Q:What are the films that you'd say are overrated? Or films that everyone loves but you don't really? Mine would be The Princess Bride. I've tried so hard to like that movie, but I just don't. I think it's ok, but sadly I don't see what everyone sees when they say it's perfect and wonderful. :( Oh, well. To each their own, right? :)
Definitely to each his/her own, but I have to say I disagree about The Princess Bride. It’s one of my favorite films! I think it’s hilarious and a great subversion of the fairy tale genre. To answer your first question, though, here are a few films I find overrated:
Inception, The Curious Case of Benjamin Button, Django Unchained, Black Swan, Zero Dark Thirty, Vicky Cristina Barcelona, Donnie Darko, The Dark Knight Rises, Moonrise Kingdom, Alice in Wonderland (the Tim Burton film), Sweeney Todd, Crash, Joe Wright’s Pride and Prejudice, Dredd 3D, The Hangover, Scott Pilgrim vs the World and Drive.
STAR TREK: INTO DARKNESS (2013)
Full disclosure: I’m more of a Star Wars fan than a Trekkie, so with that in mind, you know that this review is from someone who doesn’t know much about Starfleet, Klingons or phasers. I thought the 2009 film from sci-fi staple JJ Abrams was a fun watch, although it wasn’t anything I considered particularly groundbreaking or impressive. The 2013 sequel Into Darkness was pretty much a rehash of the same standard fare, albeit with much more explosions. The film follows Captain Kirk (Chris Pine) and the crew of the USS Enterprise as they hunt down a terrorist named John Harrison (Benedict Cumberbatch) who wreaks havoc at Starfleet HQ. Their pursuit leads them to Klingon territory, where it gets dicy and interesting as they find out that things are not what they seem.
I enjoyed Into Darkness just fine like any other science fiction movie. It offered a few laughs and some cool visual effects, but (and to paraphrase a line from 10 Things I Hate About You) I was neither underwhelmed nor overwhelmed. I was sort of just…whelmed. I didn’t feel like it offered anything really new or exciting that the first film didn’t deliver. It certainly didn’t capitalize on the limitless, original storylines that the first film allowed. I don’t really have much else to say about it save that it was entertaining enough and featured some solid performances from Pine and Cumberbatch (and Simon Pegg was quite the scene-stealer, too). I also liked that Karl Urban’s Bones was central to a lot of the comedy in the film. I have a few gripes with the film, but one that stuck out to me was the portrayal of Alice Eve’s character. I felt that the way her character was written, it seemed like she was just there to flash the gratuitous hot bod in the movie and for nothing else. While she demonstrated some prowess as a science officer on board the ship, the writers didn’t seem too concerned with showing her character’s substance despite her obvious skills.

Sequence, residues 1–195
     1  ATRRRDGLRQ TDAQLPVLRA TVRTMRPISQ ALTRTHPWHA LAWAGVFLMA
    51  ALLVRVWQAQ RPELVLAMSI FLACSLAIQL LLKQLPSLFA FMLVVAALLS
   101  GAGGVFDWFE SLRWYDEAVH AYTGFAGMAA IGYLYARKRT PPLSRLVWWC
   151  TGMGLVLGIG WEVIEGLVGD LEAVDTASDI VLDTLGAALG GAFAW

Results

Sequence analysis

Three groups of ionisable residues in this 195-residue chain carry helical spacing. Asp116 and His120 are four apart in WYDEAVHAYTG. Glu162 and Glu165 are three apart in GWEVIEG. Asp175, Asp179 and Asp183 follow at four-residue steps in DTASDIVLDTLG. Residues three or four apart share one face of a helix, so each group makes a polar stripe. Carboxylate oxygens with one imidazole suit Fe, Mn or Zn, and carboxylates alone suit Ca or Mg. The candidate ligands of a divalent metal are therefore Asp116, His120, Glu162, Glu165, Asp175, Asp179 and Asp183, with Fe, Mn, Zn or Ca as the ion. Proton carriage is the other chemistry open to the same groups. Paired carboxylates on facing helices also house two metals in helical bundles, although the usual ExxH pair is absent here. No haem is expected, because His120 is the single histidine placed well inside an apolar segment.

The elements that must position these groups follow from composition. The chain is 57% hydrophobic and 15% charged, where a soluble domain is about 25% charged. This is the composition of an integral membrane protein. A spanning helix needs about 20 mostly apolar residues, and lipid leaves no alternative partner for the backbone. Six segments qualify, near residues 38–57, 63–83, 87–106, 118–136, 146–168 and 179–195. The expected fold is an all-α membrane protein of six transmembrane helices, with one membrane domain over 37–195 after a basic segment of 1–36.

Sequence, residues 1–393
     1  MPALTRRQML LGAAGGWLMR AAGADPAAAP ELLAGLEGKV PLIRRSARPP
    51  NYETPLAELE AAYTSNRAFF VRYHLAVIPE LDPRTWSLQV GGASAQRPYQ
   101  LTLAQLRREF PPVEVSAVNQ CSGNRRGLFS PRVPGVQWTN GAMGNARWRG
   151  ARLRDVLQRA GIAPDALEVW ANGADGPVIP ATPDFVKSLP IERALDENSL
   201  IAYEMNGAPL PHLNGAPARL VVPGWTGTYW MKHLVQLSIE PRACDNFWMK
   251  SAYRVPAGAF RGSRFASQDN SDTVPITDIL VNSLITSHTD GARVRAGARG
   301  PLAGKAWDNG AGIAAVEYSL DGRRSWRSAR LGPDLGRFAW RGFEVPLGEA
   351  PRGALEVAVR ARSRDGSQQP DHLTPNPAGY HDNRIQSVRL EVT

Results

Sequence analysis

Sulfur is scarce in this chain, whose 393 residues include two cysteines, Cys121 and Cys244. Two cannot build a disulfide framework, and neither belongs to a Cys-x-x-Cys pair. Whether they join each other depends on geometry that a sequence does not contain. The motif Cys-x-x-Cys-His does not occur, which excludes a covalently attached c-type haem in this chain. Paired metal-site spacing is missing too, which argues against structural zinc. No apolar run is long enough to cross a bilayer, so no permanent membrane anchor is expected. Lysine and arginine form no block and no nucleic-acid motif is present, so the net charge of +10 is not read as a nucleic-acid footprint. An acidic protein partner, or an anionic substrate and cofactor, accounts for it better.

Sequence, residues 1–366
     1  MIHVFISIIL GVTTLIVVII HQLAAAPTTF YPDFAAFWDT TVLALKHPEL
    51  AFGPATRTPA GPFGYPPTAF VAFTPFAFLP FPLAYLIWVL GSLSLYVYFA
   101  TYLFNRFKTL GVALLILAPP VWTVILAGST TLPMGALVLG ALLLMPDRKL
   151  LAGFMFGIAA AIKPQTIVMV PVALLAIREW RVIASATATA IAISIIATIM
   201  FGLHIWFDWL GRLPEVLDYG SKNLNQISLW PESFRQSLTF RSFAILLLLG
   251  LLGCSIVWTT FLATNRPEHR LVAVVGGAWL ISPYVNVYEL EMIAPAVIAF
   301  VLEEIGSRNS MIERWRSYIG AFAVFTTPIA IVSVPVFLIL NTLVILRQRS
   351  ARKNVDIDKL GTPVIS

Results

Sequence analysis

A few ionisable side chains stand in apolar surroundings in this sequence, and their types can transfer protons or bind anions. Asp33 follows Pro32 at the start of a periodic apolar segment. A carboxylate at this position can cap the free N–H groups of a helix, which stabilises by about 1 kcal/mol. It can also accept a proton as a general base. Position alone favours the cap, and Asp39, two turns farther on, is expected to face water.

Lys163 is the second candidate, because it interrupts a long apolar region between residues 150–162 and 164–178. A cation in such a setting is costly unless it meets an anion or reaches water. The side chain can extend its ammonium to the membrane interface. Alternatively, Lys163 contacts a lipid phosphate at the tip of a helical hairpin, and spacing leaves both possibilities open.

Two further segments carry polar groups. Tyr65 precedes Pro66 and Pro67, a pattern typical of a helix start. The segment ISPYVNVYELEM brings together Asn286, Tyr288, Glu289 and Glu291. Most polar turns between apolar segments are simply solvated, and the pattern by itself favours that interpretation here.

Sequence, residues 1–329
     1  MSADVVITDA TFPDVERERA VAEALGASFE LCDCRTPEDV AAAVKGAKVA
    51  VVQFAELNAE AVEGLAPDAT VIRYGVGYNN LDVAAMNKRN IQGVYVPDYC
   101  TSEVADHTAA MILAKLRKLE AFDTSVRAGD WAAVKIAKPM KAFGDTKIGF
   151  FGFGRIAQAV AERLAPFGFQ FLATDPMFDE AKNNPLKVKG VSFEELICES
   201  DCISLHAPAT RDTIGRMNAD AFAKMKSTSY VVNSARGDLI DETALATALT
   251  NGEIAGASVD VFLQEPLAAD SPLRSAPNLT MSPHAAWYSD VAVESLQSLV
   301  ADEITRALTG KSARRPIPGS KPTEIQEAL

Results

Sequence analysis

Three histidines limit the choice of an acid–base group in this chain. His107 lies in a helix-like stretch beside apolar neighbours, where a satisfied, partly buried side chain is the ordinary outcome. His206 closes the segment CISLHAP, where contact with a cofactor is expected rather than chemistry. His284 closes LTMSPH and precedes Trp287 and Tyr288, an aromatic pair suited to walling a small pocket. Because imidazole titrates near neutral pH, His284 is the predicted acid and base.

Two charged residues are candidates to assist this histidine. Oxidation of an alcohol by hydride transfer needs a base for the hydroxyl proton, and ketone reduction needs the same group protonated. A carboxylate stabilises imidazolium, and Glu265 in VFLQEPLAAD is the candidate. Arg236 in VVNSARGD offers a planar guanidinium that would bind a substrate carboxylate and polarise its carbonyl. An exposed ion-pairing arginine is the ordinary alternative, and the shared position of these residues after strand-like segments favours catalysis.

While I enjoyed Kirk and Spock’s character arcs, I didn’t feel like they were well-developed enough. Their arcs seemed sort of clumsily told and felt more like afterthoughts. There was a lot of cheesiness in the way their relationship was also developed, and I thought there were a lot of missed opportunities to really say something new and different about this unlikely friendship. I also felt like the pacing in this film seemed off. It had a strange, rushed ending that didn’t seem to bother with any sort of climactic build-up. Because of this, I felt it lacked the emotional punch that the film was going for. There were moments in the film that were supposed to be tension-filled, and yet I didn’t feel like the characters earned any sort of climax. The first half of the film is well done in that there’s a real sense of storytelling there, whereas the second half seemed too preoccupied with making sure there were blatant references for fans of the franchise to latch onto.
(Spoilers under the cut)
Q:Superb gifs! Do you make them?
Thanks! Yes, I do make them. I am glad you like them!
ENTRANCED - Travis Henderson (Harry Dean Stanton)
Paris, Texas (1984) - directed by Wim Wenders. Starring Harry Dean Stanton, Nastassja Kinski and Dean Stockwell.
The title of this François Truffaut classic comes from the French idiom “faire les quatre cents coups”, meaning “to raise hell” (x). The English title is a straight translation of the French but misses its meaning. On the first American prints, subtitler and dubber Noelle Gilmore gave the film the title Wild Oats, but the distributor did not like that title and reverted it to The 400 Blows, which led some to think the film covered the topic of corporal punishment (x).